8. RED REX – Steep Theatre Company (2019)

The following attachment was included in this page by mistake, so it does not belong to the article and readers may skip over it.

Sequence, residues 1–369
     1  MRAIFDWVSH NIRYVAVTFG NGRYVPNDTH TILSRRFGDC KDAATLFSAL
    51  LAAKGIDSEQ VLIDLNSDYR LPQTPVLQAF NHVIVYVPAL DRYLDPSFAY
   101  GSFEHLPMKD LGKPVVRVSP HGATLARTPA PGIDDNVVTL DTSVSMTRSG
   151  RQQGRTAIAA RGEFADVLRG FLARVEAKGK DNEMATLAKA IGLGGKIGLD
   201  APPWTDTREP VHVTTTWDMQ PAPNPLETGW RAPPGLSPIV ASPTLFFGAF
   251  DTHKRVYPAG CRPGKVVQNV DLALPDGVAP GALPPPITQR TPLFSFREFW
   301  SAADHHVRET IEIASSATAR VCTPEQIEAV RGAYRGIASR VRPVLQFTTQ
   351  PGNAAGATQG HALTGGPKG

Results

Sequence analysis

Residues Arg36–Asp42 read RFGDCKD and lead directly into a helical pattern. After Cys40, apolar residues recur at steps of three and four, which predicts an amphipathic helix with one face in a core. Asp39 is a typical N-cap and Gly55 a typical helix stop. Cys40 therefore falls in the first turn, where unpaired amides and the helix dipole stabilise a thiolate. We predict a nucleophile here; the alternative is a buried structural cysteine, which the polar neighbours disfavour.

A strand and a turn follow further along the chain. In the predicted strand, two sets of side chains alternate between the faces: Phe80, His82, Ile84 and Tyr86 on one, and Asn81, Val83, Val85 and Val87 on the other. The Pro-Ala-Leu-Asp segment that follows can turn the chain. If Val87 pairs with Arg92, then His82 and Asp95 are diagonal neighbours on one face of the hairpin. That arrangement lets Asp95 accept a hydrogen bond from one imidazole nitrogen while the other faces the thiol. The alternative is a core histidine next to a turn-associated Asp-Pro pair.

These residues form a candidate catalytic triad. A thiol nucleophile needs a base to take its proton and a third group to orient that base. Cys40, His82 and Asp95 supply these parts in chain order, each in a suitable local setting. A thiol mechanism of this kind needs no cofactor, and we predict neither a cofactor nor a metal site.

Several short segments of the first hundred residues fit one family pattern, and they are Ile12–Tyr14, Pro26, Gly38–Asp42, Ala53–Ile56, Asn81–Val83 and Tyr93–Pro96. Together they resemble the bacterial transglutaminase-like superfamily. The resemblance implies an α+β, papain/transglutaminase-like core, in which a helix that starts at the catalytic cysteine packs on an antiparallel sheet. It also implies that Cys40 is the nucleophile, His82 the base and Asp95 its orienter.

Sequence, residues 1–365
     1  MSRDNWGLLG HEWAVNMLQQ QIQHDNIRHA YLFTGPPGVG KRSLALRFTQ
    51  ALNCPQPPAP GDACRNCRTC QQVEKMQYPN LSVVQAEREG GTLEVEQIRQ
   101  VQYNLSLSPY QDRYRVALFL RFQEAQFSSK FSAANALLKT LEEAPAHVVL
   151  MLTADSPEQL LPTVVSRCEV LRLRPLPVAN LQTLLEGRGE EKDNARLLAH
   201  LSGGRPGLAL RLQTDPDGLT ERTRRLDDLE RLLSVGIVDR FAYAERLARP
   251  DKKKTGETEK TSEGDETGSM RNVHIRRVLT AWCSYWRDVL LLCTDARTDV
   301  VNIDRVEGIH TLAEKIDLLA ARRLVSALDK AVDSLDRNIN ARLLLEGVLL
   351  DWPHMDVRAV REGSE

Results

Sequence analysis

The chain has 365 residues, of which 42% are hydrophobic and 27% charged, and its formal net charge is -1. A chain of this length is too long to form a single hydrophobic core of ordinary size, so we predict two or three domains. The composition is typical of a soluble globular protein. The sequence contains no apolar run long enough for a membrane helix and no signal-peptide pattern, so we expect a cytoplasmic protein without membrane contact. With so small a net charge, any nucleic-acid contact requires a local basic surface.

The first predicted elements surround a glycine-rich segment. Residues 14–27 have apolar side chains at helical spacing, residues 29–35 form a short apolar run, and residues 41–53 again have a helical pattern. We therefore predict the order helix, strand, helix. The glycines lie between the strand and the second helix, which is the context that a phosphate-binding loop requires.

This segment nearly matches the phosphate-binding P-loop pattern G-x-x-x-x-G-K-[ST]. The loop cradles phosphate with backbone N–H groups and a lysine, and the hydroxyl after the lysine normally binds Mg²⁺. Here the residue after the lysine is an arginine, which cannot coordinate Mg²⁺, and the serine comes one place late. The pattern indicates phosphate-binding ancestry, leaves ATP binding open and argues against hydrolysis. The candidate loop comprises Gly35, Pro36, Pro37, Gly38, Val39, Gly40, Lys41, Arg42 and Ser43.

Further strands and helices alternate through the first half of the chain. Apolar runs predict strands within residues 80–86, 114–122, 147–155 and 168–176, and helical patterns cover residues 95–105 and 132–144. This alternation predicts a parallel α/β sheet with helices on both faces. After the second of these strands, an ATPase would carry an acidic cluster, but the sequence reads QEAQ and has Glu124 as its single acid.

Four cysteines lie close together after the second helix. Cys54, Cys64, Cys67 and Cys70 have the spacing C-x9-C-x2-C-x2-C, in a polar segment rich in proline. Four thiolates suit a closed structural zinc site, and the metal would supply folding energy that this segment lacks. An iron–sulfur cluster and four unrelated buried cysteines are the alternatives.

Aurora Adachi-Winter. Photo Credit: Lee Miller A few years back there was a townhall at Victory Gardens following the casting of a white actor in a Latino role. The one phrase that stuck with me from that town hall (and I wish I knew who said it so I could give them credit) was: “Don’t just get consultants, get collaborators”. RED REX felt like a direct response to the intention behind that phrase – I don’ know if that’s what Ike Holter intended, but that’s certainly what it felt like to me. I’ve seen so many plays done by theatre companies led with white-cishet-abled men telling stories about communities and cultures with no first-hand knowledge of them that it comes off feeling inauthentic. The stripping of the narratives of marginalized folx, especially people of color, and bequeathing that responsibility to people who will say: “Well, we have so-and-so advising on this play” is no longer good enough. But that’s just one part of why this play stuck with me – towards the end of this show, one of the characters, played by Aurora Adachi-Winter, lets loose a blistering rant about how white people are terrified of offending the black community but are -PERFECTLY FINE- with letting other people of color slide on by that it took every fiber of my being not to deliver a resounding “HELL YEAH!” The percentage of white artists who KNOW blackface is bad but think yellow face, brown face, cripping up, etc. is perfectly a-ok is just too damn high. I say this especially because, in my hometown, they recently did a performance of MADAMA BUTTERFLY and yet AGAIN cast a white woman as the lead. My gentle probing of “Hey, would you cast a white man in OTELLO?” was ignored and all I got was a pithy: “We cast who auditioned and we cast the best person for the role oh and also if you want you can help us find people that are actually Asian”. The same old story, you know the words. I was supposed to email them back but never did because I saw it wasn’t going to do any good - because in Youngstown Ohio, and much of the country, yellowface is still okay and its a lonely battle to fight. So THAT speech - is probably the single most impactful chunk of text in any theatre production I’ve seen in the past ten years and I’m waiting for the script to be officially published so I can memorize it and let it loose when I need it. 9. THE RAFT – Butler Institute of American Art (2012)